SAVANNAH BOETTCHER| STAFF REPORTER | email@example.com
Three and a half years ago during a high school soccer game, Halle Stelbasky tore the tendons in her knee — the ACL, MCL, PCL and meniscus. Shortly after the injury, current Butler sophomore Stelbasky met with Butler women’s soccer co-head coach Tari St. John to discuss her athletic future.
Jokingly, St. John told Stelbasky she had some catching up to do—uncrossing her legs, St. John revealed scars on both knees. Two and a half years later, Stelbasky caught up—she tore her right ACL in the final game of regular season on Oct. 30, 2015.
“I was having weird feelings something was going to happen and my knees were bothering me,” Stelbasky said. “I was only going to go in if we needed a goal, and we did. We got the goal, but a few minutes later, I tore my right ACL.”
Three weeks later, she underwent surgery to repair the damage. In July, Stelbasky’s knee was bothering her again. She underwent a third surgery to remove scar tissue from around her ACL, prolonging her recovery even more.
“My motive is to let Halle and all my athletes know it is okay to be hurt,” St. John said. “Halle actually gained a few attributes to her game post her first ACL tear—she is a threat behind and in front of defenses.”
Throughout last season, Stelbasky scored nine goals and played nearly 90 minutes in every game. This season, she first stepped on the field against Indiana University on Aug. 26. She has played 14, 14, 28 and 17 minutes, respectively, in the four games in which she has played.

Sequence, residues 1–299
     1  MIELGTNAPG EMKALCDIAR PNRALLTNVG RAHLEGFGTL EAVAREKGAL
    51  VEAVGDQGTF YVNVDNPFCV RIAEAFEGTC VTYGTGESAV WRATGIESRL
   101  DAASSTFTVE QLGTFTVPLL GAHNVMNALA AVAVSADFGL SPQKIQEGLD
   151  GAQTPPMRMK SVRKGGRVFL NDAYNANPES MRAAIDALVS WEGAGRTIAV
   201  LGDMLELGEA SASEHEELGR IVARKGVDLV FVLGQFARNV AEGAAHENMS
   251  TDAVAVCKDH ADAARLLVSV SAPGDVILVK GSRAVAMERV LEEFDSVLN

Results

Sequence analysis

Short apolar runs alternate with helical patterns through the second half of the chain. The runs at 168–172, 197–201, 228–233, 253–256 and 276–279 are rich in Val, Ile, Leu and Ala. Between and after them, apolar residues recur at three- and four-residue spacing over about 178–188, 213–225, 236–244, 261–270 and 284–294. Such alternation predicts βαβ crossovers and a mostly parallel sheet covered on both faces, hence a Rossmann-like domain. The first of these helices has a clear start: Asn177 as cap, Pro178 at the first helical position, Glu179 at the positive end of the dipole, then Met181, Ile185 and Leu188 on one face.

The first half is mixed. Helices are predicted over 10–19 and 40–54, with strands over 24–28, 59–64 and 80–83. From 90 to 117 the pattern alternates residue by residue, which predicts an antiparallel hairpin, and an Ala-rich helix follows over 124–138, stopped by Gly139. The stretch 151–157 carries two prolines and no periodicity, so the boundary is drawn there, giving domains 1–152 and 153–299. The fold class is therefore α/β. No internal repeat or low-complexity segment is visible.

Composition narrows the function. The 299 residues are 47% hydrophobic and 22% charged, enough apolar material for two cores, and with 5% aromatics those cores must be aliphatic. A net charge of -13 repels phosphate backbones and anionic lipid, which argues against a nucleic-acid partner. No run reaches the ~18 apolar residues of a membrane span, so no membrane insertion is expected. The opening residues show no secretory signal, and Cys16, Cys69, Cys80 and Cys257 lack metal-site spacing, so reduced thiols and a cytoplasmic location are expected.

After going 10 months between games, getting back into soccer shape played a role in her comeback. She credits the women’s soccer athletic trainer Mike Howell with helping her build her strength and endurance back up.
“Mike worked with me everyday in the spring, helping me get stronger,” she said. “He inspired me to work my hardest.”
Along with getting physically in shape, Stelbasky still finds herself struggling with the mental aspect of the game she loves.
“I just want to go out there and be able to be myself,” she said. “In soccer, you get the ball and not think about it at all, it just comes to you.”
Along with St. John and Howell, Stelbasky also has the support of her teammates, including junior goalkeeper Elizabeth James, who had six significant knee injuries.
“Halle means a lot to me, because I see parts of myself in her, and I know firsthand the physical and mental struggles she’s faced and is still facing,” James said. “I’ve tried to put things into perspective for Halle so she can see that while soccer is incredibly important, who she is as a person is even more important, and that’s where I hope she can find her value.”
Despite her large role in the team’s success last season, Stelbasky’s goal for the first half of the season is to get back into the swing of things and feel relaxed on the field.
“I just want to play a part in some way—it doesn’t even have to be a goal,” she said. “I’m just excited to be back out there.”